You are on page 1of 3

9 -3: Rational Functions and Their Graphs

A rational function f(x) is a function that can be written as:

f(x) =

Where P(x) ad Q(x) are polynomial functions. Domain of f(x) is all real numbers except those for which

Q(x)=0

Some plots of rational functions:

y =
y =
y =
y =
y =
y =

Function 1: No real values of x that make the denominator zero, therefore the first function has no

points of discontinuity

, the graph is continuous: it can be drawn with a pencil that never leaves the

paper

Function 2: x ±2

Function 3: x -1

The last 2 graphs are not continuous. They have points of discontinuity at ±2 and -1.

 

Vertical asymptotes:

The Rational function f(x) =

has a point of discontinuity for each real zero of Q(x).

If P(x) and Q(x) have no common real zeros, then the graph of f(x) has a vertical asymptote at each real zero of Q(x).

If P(x) and Q(x) have a common real zero a, then there is a hole in the graph or a vertical asymptote at x = a.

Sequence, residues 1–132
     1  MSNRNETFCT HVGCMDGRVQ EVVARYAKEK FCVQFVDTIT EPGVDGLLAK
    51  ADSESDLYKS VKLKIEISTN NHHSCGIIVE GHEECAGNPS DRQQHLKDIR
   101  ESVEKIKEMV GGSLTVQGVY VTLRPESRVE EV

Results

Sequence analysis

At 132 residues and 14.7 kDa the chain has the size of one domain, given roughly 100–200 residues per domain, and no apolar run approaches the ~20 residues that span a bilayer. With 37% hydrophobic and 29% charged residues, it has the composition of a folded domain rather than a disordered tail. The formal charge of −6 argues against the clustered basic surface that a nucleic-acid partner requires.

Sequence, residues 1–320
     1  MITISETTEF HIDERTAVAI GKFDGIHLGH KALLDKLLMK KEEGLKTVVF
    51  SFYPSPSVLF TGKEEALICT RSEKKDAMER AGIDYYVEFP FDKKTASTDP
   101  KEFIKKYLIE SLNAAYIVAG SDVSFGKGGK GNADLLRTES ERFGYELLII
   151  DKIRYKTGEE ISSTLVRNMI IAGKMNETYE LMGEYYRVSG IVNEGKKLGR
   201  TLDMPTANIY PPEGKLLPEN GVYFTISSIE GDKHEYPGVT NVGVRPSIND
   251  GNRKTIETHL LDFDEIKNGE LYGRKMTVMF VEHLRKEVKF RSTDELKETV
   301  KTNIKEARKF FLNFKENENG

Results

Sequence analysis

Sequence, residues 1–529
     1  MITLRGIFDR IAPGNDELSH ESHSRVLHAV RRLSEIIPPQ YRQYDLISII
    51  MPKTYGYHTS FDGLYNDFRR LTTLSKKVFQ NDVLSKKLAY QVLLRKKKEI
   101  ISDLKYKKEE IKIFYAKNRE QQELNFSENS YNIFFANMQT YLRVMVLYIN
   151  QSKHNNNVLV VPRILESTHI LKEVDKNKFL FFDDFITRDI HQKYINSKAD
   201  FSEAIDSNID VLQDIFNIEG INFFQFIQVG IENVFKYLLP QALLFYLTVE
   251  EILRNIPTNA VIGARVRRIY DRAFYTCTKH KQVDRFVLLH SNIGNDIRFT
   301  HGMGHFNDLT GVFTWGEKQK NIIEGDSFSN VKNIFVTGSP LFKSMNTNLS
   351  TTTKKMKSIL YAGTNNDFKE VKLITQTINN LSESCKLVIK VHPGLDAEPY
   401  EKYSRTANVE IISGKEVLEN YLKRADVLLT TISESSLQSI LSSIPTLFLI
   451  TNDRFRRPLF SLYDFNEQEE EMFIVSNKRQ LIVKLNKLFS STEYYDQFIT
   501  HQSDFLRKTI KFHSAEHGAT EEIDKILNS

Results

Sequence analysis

Horizontal Asymptotes

The graph of a rational function has at most one horizontal asymptote.

The graph of a rational function has a horizontal asymptote at y=0 if the degree of the denominator is greater than the degree of the numerator.

If the degrees of the numerator and the denominator are equal, then the graph has a horizontal

asymptote at y =

, a is the coefficient of the term of highest degree in the numerator and b is the

coefficient of the term of highest degree in the denominator.

If the degree of the numerator is greater than the degree of the denominator, then the graph has no horizontal asymptote.